Child Protection must remain a priority because the most unimaginable abuse is what we witness every day, says Head of Therapy at Children at Risk Ireland (CARI). Emer O’Neill was commenting on what she described as the horrifying details of the rape and abuse of a 5-year-old girl and her 3-year-old brother.
The children’s mother was sentenced to 14 years imprisonment and her partner to 19 years for the abuse, in the Central Criminal Court today.
Emer says that other children in Ireland are being abused right now, in ways which are just as disturbing as the facts in this court case.
Reality of Child Sexual Abuse in Ireland Today
“Boys and girls are being hurt in ways that people in communities find very hard to understand. Children need to be cared for, nurtured and allowed to grow in an environment that is trusting and safe. However, as we see from this case, not all children receive this care. Some live in constant fear in a world of hurt, betrayal, confusion and feelings of worthlessness.”
“In this case, thankfully the children’s foster carers alerted Gardaí to the abuse when the two children revealed the truth. We meet quite a lot of Foster Carers in CARI, and we admire them for the care, love, trust, and safety they try to provide for children who have been abused. We salute their loyalty and commitment to stay on the journey with these children.”
“According to one foster parent in this case, the girl – now aged 15 – says that dancing helps her take away the pain from the top of her head. Children find so many different ways to regulate their feelings, but at times they need help from adults to do this.”
“We know how important this is so when children come to CARI we use different ways to work with them. We use techniques like messy play – particularly with younger children – to help them express themselves. We also use dancing, movement and music, and we talk to the children. These are all part of the specialist therapy services CARI offers to child victims of sexual abuse.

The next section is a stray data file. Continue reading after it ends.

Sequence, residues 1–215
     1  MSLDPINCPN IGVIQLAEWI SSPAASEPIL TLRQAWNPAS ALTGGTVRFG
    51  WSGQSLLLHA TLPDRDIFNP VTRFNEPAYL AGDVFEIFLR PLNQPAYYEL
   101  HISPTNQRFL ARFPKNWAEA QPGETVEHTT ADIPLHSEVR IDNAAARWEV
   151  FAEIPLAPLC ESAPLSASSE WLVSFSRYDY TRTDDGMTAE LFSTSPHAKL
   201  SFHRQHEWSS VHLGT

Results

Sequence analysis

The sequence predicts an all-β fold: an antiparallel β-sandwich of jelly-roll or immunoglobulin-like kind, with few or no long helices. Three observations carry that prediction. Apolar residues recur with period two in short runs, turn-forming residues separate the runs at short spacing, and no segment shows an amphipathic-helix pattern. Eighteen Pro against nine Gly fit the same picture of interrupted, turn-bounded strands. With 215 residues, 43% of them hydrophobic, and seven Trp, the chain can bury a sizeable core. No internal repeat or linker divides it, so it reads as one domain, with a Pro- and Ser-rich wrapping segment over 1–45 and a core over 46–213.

“We take it at their pace and help them understand their experiences in their own way. Their voice is paramount. We see the child’s fear and their resilience. With our help, they can move into a world where they experience trust and safety. In this world, they can finally build hopes and dreams for their future.”
Ms O’Neill says it can be disturbing and upsetting when abuse cases come to court and the details of abuse become public. “But In some cases, this can prompt parents and caregivers to act on concerns they may have for their child, but were afraid to express or explore.”
How You Can Help with Child Protection
“If you fear a child has been sexually abused, there are signs for parents and carers to look out for. For example, has there been a change in your child’s behaviour? Have they become aggressive, withdrawn, developed sleep issues or bed wetting or been clingy? Have there been issues in school, such as lack of concentration or dropping?”
“Have they developed any health issues, including soreness in their private areas, displayed sexually inappropriate behaviour and been using sexually explicit language? Has your child been afraid of a particular person, trying to avoid being alone with them? Your child may give clues by dropping hints and clues without saying what is happening.”
Emer says CARI is there to offer support and advice for any parent or caregiver who has concerns on 0818 924567, from Monday to Friday, 9am to 5pm. “Anyone can call CARI with any concern about child sexual abuse and we will assist and guide them through the process of child protection.”